Private Money Lending

7 Replies

I am considering loaning some money for a "private money" transaction in Oregon. All of this will go through a correctly licensed mortgage company and individual.

The borrower will use the money to acquire a property with a home on it.  The home will be the borrower's primary residence.

Does anybody know of potential issues related to foreclosing on a borrower's primary residence with a "private money" loan?

Thanks,

Hey Todd, Go Oakers! I'm replying not because I have any insights for you but instead that you are in Oakland. Let me know if you want to meet up for lunch or something and chat about business.

Concerning your inquiry; I assume you mean that you are going through one of the Hard Money lenders who are basically matching up a potential borrower with private money like yourself, and of course they charge the borrower points etc as their "commission" for facilitating the deal. If that is the case then that middle man mortgage facilitator (that may be the wrong term to use) should be able to answer a lot of your question. Firstly, because I think it would be part of their job when gaining a new money client (you) that they would want to educate you about the process. If they don't know or are unwilling to get you up to speed you might look elsewhere. At that point you might just as well run a craigslist ad saying "money to lend but I don't know what I'm doing..." if they won't provide information. Secondly, if they say "you'll never have to foreclose" or "its never happened to any of my clients" once again I would back away. 

Some additional advice would be to have the borrower's payments processed thru a large third party collection escrow company. There is more of a counterparty risk to you if the mortgage facilitator is just a mom and pop company and they handle the monthly payments. The minor monthly fee of a collection escrow is "usually" borne by the borrower anyway. Have the property tax and insurance collected and paid ia clection escrow also. Make sure you are listed as "additionally insured" on the policy so if it is canceled for any reason you will be notified. Of course any decent mortgage document will have provisions for you to start foreclosure if insurance lapses. Check with the city where the property is located and see if they will send you a copy of the monthly sewer bill. If the water isn't paid it gets shut off, if the sewer bill isn't paid it just grows and grows and can become shockingly large if you have to foreclose after years of sewer non payment have gone by and become a lien against the property. I know this because?..... painful memories!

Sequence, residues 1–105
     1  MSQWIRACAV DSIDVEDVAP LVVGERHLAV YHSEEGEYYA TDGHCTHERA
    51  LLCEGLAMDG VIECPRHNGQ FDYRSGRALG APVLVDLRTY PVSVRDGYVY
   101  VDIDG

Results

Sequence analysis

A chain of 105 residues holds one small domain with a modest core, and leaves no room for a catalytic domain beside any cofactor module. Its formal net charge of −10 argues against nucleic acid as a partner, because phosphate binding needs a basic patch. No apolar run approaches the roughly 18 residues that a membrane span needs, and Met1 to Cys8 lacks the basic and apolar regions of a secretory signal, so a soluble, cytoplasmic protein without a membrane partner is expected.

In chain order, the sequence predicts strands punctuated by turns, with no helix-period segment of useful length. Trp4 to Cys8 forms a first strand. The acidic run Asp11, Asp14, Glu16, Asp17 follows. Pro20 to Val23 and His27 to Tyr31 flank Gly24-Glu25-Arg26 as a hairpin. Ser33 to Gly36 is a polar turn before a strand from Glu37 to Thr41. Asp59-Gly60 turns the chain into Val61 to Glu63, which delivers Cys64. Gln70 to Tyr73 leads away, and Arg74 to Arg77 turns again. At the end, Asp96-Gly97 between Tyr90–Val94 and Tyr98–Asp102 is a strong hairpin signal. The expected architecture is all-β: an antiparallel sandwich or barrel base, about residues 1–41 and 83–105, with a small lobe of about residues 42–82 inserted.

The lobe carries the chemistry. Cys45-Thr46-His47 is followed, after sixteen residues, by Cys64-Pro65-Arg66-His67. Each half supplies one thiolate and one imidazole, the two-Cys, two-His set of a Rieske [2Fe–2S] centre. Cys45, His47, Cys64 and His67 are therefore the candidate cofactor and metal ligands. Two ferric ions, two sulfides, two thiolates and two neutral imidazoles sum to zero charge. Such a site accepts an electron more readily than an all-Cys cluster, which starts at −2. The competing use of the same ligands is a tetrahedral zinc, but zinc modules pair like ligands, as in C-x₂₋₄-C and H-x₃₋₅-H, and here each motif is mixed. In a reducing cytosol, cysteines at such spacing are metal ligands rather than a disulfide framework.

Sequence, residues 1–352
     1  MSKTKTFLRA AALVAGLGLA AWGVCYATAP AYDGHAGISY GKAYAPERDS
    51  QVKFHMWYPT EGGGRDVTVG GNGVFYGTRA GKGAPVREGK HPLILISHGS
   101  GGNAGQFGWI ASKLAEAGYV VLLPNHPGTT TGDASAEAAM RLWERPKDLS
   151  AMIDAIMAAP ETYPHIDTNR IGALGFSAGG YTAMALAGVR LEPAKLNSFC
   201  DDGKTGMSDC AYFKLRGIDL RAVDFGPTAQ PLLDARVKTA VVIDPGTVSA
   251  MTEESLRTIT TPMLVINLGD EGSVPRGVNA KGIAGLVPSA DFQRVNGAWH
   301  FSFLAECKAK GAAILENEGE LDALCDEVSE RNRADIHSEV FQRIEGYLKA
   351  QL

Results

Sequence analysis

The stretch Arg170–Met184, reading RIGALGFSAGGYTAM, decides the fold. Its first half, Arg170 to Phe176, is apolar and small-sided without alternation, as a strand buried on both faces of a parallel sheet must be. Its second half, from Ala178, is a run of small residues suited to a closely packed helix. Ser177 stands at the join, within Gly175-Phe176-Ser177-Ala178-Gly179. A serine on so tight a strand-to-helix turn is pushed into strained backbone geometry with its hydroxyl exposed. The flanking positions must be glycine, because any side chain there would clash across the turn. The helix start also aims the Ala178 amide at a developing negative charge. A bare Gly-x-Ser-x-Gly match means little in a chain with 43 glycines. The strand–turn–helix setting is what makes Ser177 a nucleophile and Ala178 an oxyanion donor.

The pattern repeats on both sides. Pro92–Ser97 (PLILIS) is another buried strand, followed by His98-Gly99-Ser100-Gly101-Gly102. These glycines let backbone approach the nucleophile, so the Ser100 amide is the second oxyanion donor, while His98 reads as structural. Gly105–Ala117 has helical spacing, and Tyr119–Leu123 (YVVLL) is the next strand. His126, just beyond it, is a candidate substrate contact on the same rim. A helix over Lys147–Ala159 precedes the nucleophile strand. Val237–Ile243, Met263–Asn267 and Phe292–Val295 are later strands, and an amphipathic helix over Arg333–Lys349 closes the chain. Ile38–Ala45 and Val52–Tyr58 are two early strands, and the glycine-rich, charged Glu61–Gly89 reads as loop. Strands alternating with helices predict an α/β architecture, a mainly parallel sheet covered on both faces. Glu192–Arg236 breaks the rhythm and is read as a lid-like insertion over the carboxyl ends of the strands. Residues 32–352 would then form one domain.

Congratulations on being at the top of the real estate food chain: when you can make money by lending money and not have to swing a hammer, manage tenants, or constantly search for deals competing against investors and homebuyers then you are in a good place indeed.

@Todd Carson you will definitely be hit by all of the Dodd Frank guidelines which is why all hard money lenders make our borrowers sign a document stating this is a business purpose loan and they will not make the property their primary residence.  Very risky from a foreclosure in the sense that they can defintely extend out the foreclosure by using every avenue available to them and if you screw up, they could make it very difficult for you to foreclose and at best make it super expensive.

@Todd Carson You should talk to a note / foreclosure attorney about the rules an regulations regarding loans on a primary residence. They are much more strict than an investment property.


Foreclosure on a primary is similar to an investment property except that borrowers get more protection on a primary. There may be additional hoops to jump through or you may need to "review them for mortgage retention options if they defaulted.

Originally posted by @Dane Fitch :

@Todd Carson you will definitely be hit by all of the Dodd Frank guidelines which is why all hard money lenders make our borrowers sign a document stating this is a business purpose loan and they will not make the property their primary residence.  Very risky from a foreclosure in the sense that they can defintely extend out the foreclosure by using every avenue available to them and if you screw up, they could make it very difficult for you to foreclose and at best make it super expensive.

dont know every HML in Oregon of course but its far and few between that will actually do an owner occ because of the reasons you state.

I would urge caution on this transaction. And make sure you fully understand the disclsoures the QM rules etc.